What are the differences between a Will and a Living Trust?

29 January 2010 Categories: All Blogs, Estate Planning

I am often asked by my clients, “What is the difference between a Will and a Living Trust?” These documents both have the intention of leaving your Estate to your intended beneficiaries once you pass away but they accomplish this in two entirely different ways. Deciding whether a Will or Trust best fits your needs depends on your circumstances. Here are some simple advantages and disadvantages to a Will and Living Trust:

    Last Will and Testament

– Costs are less to have a Will drafted
– You can setup some tax saving provisions so that you will not pay extremely high death taxes
– You can designate who you decided to be the guardians of your minor children
– A Will is subject to probate and the costs associated with probate (attorney fees and court costs)
– Probate will ensure court supervision to ensure your intentions are carried out

    Living Trust

– Costs are higher to draft and fund a Living Trust
– You can avoid probate and the costs of probate if the Living Trust is drafted and funded correctly
– Document can incorporate all your Powers of Attorney and Living Will into one document
– A court will not oversee the distribution of your assets since it is not subject to probate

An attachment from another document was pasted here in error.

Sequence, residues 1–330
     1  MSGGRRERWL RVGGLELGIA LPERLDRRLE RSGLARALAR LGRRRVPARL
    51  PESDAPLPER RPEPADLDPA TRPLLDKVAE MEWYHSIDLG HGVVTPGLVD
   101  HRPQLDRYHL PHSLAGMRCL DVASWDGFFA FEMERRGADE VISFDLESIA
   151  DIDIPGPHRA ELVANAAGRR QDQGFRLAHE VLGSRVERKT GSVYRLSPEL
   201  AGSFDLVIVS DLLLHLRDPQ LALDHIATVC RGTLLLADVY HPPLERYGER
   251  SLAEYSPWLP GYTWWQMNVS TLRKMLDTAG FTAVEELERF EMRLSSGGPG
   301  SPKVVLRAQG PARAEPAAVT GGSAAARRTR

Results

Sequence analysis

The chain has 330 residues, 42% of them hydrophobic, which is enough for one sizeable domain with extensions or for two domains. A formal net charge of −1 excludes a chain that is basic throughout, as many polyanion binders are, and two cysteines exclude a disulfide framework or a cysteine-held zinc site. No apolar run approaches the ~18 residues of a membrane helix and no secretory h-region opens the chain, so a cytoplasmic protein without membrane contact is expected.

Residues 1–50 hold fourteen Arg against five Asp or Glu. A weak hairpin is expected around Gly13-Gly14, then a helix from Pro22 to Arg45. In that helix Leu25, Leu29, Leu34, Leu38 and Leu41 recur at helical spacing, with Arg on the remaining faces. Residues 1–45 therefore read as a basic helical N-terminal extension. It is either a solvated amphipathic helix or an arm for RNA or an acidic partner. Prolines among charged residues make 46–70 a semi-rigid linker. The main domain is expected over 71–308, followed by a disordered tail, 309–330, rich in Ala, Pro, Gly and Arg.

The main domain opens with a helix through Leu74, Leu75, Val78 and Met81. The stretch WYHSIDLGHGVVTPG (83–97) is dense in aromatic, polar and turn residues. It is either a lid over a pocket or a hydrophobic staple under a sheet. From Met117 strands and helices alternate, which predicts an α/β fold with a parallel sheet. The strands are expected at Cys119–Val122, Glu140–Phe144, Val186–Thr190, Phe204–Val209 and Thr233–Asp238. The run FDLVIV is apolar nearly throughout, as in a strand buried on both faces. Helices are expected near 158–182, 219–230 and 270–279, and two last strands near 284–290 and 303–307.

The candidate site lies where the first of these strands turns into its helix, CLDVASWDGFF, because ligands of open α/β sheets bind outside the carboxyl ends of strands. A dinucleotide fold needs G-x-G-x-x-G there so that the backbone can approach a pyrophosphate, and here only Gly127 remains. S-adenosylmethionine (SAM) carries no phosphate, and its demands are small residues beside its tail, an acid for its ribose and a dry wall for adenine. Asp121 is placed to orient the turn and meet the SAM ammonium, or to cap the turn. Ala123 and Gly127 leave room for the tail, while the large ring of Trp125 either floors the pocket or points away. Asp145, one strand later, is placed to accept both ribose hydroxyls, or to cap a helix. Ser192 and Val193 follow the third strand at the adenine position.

These examples are just the tip of the iceberg when considering the differences between a Will and a Living Trust. For futher information, feel free to contact McNulty & Associates for a free consultation to discuss your Estate Planning.

The information and materials on this site are not to be considered legal advice. They are intended for informational purposes and are not specific to any certain case or legal matter. The information is used for promotional and advertising purposes and seeks to provide, but not guarantee, general information regarding a wide range of legal matters. If your matter requires legal representation, you should act quickly and contact a Tennessee attorney to ensure your rights are protected.

Comments are closed.